Archive | March, 2014

More Tragedy for the Gingery Family – A Follow Up

11 Mar

A few months ago I wrote an article for the website titled “More Tragedy for the Gingery Family”. The original article can be seen at this link – >

As you know the Gingery Family story is one of the most popular stories on my blog. Whenever I mention the Gingery family to someone I am interviewing they always pause for a moment and get very serious when telling me what they know. Margarette was kind enough to share her family’s memories about her Aunt Lennie in the comments section of the original article.

Below is a write up from The Lauderdale County Enterprise describing the murder suicide involving Dupuy Gingery and Linnie Taylor Gingery.

Gingery Murder Lauderdale County Enterprise

Gingery Murder
Lauderdale County Enterprise

“A double murder or rather a murder and suicide was committed Wednesday morning at the home of Cush Gingery, colored, between Orysa and Henning. Gingery killed his wife and then himself. He is a brother of the two famous Gingery negroes who killed two officers near Durhamville several years ago and have never been apprehended.”

– Tiffany

– Source: The Lauderdale County Enterprise July 6, 1917 edition


From the Bottom Documentary

10 Mar

I recently discovered a documentary titled “From the Bottom” discussing the life of Ulysses “Rip” Gooch, a Lauderdale County native. A trailer for the documentary can be found on and I have included it below.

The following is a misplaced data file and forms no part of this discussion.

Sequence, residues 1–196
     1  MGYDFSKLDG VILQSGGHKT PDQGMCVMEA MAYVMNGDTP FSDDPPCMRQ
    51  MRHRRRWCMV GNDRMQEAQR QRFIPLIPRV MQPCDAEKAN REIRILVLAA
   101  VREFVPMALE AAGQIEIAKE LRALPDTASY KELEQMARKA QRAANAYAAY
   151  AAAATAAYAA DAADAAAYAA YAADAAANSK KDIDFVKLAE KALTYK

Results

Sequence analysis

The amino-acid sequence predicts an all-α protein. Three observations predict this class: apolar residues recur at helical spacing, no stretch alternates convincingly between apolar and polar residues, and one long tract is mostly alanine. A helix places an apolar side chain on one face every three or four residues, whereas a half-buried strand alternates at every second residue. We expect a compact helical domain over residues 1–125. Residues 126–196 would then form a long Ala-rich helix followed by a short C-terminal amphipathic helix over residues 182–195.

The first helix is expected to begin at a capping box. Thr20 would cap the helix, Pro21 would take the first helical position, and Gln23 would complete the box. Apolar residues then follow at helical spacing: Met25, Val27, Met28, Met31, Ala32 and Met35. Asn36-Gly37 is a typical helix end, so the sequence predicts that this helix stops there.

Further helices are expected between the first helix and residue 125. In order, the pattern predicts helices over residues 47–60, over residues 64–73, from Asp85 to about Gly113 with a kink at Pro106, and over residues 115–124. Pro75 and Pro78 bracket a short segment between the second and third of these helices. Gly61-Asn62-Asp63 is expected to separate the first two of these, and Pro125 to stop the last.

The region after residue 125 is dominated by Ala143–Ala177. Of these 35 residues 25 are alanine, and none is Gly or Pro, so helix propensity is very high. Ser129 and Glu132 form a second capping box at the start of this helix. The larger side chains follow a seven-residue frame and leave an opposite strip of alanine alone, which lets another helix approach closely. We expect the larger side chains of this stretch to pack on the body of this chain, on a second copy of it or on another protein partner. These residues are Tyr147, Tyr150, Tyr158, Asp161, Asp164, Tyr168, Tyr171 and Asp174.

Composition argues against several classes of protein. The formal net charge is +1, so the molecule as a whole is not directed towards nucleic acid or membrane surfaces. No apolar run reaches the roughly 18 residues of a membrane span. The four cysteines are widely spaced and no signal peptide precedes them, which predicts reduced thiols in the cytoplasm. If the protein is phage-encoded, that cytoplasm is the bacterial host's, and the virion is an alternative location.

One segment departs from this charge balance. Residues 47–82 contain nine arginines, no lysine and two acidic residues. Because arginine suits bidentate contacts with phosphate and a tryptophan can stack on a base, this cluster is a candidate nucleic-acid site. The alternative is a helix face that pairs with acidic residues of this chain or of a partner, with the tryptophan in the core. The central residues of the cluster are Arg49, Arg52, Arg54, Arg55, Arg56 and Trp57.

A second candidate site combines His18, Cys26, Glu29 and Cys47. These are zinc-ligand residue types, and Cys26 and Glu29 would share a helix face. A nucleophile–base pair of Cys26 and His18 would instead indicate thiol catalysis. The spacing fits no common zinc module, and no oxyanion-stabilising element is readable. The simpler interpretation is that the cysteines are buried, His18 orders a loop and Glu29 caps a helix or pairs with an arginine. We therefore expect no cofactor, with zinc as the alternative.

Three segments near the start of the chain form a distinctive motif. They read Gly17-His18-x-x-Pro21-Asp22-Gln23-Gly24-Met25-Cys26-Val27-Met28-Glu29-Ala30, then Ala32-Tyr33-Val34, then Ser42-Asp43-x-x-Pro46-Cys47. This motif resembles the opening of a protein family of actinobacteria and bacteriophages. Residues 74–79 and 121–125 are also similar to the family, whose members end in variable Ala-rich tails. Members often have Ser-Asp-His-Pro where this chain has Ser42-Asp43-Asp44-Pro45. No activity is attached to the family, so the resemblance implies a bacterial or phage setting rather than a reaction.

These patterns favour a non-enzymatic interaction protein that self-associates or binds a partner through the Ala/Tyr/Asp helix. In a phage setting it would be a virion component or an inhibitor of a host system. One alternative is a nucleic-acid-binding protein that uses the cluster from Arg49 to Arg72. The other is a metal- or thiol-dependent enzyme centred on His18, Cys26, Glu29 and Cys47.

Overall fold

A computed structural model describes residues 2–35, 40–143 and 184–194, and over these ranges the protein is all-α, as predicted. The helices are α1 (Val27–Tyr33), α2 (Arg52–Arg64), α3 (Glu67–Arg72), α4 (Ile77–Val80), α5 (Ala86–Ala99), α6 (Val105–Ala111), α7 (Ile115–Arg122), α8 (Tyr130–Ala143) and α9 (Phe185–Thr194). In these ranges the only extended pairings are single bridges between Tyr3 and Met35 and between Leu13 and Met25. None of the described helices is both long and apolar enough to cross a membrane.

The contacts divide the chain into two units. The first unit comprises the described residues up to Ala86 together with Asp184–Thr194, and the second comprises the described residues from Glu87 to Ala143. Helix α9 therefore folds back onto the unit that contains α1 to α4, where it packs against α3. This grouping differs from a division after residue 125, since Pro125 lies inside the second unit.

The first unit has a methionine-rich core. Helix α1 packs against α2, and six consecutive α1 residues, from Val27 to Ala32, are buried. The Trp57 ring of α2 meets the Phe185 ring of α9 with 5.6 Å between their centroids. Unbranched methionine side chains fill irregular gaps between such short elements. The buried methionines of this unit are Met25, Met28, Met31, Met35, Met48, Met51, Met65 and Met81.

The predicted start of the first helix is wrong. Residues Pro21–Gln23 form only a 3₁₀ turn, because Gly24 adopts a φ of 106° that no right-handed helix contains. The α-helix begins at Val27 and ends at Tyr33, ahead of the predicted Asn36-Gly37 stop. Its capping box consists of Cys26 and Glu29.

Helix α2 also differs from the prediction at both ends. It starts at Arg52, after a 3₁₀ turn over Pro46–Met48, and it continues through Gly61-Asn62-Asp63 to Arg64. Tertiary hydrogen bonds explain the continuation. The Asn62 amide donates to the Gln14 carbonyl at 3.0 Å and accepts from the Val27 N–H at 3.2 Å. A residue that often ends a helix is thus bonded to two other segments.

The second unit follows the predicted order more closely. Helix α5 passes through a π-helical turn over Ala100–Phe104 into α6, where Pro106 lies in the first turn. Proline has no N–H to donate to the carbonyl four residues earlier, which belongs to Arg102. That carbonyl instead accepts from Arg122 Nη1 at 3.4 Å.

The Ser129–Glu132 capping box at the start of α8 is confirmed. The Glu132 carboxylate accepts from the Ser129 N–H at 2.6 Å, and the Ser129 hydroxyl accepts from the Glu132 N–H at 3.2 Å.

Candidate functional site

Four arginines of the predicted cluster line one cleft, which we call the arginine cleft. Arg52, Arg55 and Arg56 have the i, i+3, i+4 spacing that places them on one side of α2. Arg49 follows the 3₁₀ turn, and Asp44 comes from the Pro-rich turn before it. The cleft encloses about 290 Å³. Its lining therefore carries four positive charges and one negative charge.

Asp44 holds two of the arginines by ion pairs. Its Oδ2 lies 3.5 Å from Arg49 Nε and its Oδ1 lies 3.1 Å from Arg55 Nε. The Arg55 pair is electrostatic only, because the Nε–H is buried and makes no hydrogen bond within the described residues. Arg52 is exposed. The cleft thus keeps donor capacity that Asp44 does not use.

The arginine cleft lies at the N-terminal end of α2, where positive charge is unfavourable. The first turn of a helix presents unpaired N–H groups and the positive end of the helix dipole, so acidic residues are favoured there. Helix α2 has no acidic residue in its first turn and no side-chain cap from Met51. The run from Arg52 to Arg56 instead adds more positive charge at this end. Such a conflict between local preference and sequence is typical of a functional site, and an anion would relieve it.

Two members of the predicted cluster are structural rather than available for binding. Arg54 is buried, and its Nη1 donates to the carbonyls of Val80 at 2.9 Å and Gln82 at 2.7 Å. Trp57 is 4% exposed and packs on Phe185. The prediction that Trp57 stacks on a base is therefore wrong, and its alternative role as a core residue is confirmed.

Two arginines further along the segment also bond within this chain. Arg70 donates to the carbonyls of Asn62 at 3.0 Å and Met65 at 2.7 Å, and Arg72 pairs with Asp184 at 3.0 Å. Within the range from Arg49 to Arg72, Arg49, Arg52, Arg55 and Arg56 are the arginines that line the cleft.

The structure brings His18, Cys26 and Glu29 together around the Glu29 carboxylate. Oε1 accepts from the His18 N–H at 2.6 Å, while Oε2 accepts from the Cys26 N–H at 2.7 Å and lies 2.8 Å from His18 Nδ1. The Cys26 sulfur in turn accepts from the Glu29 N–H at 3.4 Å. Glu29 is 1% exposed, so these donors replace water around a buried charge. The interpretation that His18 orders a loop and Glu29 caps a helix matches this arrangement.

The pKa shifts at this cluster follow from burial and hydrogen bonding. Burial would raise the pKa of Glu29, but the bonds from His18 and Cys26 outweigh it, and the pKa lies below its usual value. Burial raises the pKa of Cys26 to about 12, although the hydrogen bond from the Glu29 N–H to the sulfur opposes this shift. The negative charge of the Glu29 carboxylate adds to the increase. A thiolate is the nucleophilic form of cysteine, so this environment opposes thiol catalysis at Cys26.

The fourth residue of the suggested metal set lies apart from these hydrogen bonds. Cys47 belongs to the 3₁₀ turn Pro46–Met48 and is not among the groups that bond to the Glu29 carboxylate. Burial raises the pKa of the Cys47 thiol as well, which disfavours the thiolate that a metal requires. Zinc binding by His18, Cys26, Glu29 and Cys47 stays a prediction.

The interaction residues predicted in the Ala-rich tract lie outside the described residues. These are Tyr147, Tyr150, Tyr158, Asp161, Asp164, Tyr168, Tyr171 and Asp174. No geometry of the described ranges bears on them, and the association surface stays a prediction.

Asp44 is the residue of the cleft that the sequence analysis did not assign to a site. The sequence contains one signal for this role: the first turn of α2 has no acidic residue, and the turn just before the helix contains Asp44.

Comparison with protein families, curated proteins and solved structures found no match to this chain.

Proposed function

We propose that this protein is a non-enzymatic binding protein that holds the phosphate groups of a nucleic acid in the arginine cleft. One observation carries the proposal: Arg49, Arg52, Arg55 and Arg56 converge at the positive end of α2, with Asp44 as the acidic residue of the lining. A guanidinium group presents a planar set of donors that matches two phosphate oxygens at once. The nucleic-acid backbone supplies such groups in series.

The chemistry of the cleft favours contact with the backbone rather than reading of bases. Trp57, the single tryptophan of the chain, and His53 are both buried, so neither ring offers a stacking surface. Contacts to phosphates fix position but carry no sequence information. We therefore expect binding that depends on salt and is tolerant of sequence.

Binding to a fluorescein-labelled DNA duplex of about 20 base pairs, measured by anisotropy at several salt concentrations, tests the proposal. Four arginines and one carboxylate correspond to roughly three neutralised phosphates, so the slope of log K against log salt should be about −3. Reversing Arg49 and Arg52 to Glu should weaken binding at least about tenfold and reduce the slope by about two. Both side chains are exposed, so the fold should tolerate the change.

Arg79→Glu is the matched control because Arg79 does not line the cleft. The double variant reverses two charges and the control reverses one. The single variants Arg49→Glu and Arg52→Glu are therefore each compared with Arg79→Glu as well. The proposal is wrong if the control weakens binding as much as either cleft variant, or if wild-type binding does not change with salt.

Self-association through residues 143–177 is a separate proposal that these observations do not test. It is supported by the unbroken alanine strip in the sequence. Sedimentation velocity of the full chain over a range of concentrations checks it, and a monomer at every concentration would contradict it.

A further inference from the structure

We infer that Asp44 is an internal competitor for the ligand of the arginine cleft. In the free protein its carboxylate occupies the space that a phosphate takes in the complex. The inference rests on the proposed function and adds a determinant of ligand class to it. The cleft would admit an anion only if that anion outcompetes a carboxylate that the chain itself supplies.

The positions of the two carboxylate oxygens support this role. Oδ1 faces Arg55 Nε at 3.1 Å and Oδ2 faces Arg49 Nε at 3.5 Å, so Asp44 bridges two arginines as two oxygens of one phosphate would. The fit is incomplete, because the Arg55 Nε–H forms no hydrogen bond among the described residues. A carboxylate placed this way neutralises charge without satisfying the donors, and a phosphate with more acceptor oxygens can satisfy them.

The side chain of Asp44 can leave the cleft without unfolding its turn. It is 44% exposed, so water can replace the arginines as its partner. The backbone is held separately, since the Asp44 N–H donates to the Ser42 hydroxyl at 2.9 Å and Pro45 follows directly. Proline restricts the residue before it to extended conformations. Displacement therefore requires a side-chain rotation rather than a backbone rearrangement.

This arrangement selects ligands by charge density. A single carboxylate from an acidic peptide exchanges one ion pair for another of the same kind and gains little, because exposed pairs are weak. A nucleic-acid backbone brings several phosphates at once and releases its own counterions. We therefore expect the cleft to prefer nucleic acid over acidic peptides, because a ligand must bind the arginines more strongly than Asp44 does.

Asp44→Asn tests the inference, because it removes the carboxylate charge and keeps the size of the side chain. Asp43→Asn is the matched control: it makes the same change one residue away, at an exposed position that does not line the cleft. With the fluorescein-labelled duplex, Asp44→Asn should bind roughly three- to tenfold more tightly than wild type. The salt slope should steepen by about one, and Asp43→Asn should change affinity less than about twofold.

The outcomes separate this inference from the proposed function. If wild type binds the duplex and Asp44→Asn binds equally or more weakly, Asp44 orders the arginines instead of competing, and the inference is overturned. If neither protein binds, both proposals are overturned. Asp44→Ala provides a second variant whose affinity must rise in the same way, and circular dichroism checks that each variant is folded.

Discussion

If you would like to purchase the documentary it is available through using the following link ->




– Tiffany

Native Son – Alex Haley

9 Mar

As we all know Alex Haley is a very important piece of Lauderdale County, TN history. The story of his family who settled in Henning after emancipation is known through Roots the book and Roots the television miniseries. Haley was hailed as the first African American to ever trace his history back to the village in Africa where his ancestors had once lived. I’m sure that we’ve all seen Roots the miniseries and that some of us can even recite lines from the miniseries. There is no denying the effect that Haley’s Roots had on America. Haley can be seen as the father of modern genealogy because his story encouraged the nation to trace their roots. After Roots was published Haley lived a very busy life traveling to lectures and book signings supporting Roots. As a child I attended Haley’s wake in Memphis, TN and as you all know I have volunteered at the Alex Haley Museum and Interpretive Center in Henning, TN.

I was approached by Adam Henig, author of Alex Haley’s Roots: An Author’s Odyssey and I decided to read his book and interview him. What I enjoyed most about the book was its truth. It did not gloss over the complexity of Haley and it also did not leave out details about the plagiarism accusations that Haley faced.

Overall, I am pleased to have read the text and pleased to have met Adam Henig. Despite Haley’s complexities and the accusations leveraged against him I have a great deal of respect for him and his work and still feel inspired by him and his work to trace my family’s roots and the roots of other families.

You can listen to my interview with Adam Henig below.

You can click HERE to purchase Henig’s book. You can also find out more details by visiting


Would You Like To See A Movie?

1 Mar

Throughout the years Ripley had its fair share of movie theaters calling the downtown/Court Square area their home. Over the years Ripley had the following theaters,

Roxy Theater the year Rice Park Opened

Roxy Theater the year Rice Park opened

The Strand Theater (0wned by a Memphis based company)

The Roxy Theater

The Dixie Theater

The Webb Theater (owned by Aubrey Webb)

As with most theaters during segregation African Americans paid the same fare as everyone else, but could only sit in the balcony.